About David

David is the CEO of Fusion Creative and a Managing Partner over at Shift Processing. When he's not online driving traffic and creating content, you can find him at the Lego table with his 2 kids or binge watching comedies with Melissa, the love of his life.

40 Before 40: Why I left the church

Many of you know me from my work in the non-profit world. I invested the first 15 years of my career working with not for profits and religious institutions, and I enjoyed it. I had a great time working with my team to come up with the most incredible thematic elements we could come up with for any given weekend topic. I enjoyed being able to play in a band from time to time when I wasn’t executive producing from the back of the room trying to keep things running smoothly. I even enjoyed being up on a ladder for 3 hours at a time plotting out a lighting diagram for an upcoming weekend event.


Macro shot of my guitar by Brianne Liddick

There were many things that I enjoyed while serving in local church ministry, but as my last ministry position came to an end, we took a bit of time to evaluate our career paths.

We realized that over the past 15 years we had gathered a few miles.

  • Lived in 3 states
  • Lived in 5 different homes
  • Lived in 11 different homes on a temporary basis as we moved from job to job
  • I had worked with 4 different churches in 6 different ministry positions
  • Melissa had taught every elementary grade from 1-5 in all our moving around and even become a preschool director for a time

Choir rehearsal before an event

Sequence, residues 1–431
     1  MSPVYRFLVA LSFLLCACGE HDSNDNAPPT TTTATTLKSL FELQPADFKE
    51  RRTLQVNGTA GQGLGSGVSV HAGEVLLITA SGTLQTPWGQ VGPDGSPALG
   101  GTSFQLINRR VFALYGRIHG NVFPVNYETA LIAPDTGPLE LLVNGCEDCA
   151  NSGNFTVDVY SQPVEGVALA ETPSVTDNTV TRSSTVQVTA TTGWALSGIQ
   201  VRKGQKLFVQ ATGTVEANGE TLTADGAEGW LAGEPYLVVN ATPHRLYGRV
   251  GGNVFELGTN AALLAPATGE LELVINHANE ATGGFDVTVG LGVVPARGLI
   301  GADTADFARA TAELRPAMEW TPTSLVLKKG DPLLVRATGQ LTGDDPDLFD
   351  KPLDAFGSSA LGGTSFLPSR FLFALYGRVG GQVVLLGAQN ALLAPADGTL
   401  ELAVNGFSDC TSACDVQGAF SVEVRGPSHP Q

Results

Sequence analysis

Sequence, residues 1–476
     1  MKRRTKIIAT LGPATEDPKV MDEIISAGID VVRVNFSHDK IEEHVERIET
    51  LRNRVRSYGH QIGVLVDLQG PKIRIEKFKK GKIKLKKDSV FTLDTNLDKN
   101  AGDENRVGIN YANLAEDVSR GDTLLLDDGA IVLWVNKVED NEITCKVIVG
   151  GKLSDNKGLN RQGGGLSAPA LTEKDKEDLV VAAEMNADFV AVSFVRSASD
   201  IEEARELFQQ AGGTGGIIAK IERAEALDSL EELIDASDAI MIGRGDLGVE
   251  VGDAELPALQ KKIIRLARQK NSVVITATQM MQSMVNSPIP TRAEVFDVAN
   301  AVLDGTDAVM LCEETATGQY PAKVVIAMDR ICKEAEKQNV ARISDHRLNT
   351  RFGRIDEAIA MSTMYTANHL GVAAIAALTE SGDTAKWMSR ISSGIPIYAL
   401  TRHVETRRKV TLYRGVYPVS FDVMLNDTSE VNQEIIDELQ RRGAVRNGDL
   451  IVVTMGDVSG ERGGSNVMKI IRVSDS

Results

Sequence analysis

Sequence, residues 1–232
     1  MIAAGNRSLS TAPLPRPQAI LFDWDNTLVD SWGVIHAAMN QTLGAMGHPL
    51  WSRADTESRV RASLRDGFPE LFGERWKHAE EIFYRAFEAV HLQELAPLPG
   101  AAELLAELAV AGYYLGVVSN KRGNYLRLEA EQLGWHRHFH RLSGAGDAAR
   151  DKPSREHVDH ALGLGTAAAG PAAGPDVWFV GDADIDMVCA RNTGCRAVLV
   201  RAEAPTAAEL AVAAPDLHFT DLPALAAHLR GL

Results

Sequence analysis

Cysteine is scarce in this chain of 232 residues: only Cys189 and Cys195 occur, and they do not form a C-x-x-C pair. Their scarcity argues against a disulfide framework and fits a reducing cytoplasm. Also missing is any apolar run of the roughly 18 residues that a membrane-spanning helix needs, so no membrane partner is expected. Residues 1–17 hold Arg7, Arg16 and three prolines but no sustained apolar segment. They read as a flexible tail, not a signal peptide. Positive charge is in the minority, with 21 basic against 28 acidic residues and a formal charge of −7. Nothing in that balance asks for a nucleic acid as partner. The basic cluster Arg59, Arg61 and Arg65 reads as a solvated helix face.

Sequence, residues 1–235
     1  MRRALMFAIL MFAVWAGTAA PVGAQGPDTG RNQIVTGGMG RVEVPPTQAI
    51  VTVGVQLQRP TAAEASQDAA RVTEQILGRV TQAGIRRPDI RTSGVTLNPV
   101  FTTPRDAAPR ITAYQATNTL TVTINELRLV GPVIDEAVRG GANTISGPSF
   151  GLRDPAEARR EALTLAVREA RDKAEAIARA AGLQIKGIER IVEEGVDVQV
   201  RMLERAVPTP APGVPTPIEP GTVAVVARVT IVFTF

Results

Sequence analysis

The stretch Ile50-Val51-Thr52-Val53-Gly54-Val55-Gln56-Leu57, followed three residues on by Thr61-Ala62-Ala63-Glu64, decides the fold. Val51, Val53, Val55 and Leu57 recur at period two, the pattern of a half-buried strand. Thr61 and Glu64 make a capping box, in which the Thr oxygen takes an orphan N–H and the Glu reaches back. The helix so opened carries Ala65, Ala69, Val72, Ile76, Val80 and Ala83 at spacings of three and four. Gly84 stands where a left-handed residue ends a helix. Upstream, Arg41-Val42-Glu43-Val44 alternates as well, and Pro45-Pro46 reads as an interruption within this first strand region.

We came to a few realizations.

  1. Moving Stinks – We were tired of making friends with people and then having to move away because of a job change.
  2. Family Matters – We wanted our kids to grow up knowing their extended family. Living close to family was super important to us.
  3. Indiana Just Fits Us – We tried out Minnesota and Michigan, and they like it cold. We apparently like it slightly less cold.



Christmas Dinner Theatre Prep at Stoney Creek Church up in Michigan

So, we were left to tackle a couple of things as a family

  • What were we put on this Earth to do?
    • I have a firm belief that we all exist to accomplish the Great Commandment and the Great Commission. How we do that in our local setting differs for everyone, but for us that meant that we would be involved in helping others develop in their relationship with Christ and we would be worshipers.
  • How would we fulfill that?
    • In the second half of my church career, I was introduced to the idea of small groups in the local church. I fell in love with the idea of getting people in circles instead of rows and living out life together. It was something that Melissa and I got to do together, and we loved it.
  • How would we earn a living?
    • Yeah, so this is the big one, right? If I wasn’t going to earn my paycheck from the local church, how would I still afford house payments and keep our kids in Lego bricks?

Weekend Service up in Minnesota

Skills & Abilities

As with any family that makes the transition from “church staff member” to “recovering former church staff member” we needed to do an assessment of our skills and abilities. There was one aspect of my job that I absolutely loved and wanted to do more of. That came in the form of continuous improvement. I absolutely love looking at something that is working and making it better or taking something that isn’t working and developing a strategy to turn it around. As the kids today would say, “That’s My Jam.” (Ok, I don’t know if the kids really say that, so I’m guessing I’m probably channeling Parks and Rec here.)

Another aspect of my job that I loved was working with outreach communications and digital marketing. I could lose myself for hours online looking at amazing websites and seeing how they worked to be effective at moving people. I loved working my way through the online presence of effective ministries and seeing how that improved their effectiveness. These things fascinated me, and it seemed that even though I worked at rather sizable churches, we never had the manpower or budget to make significant change.


The Phone Call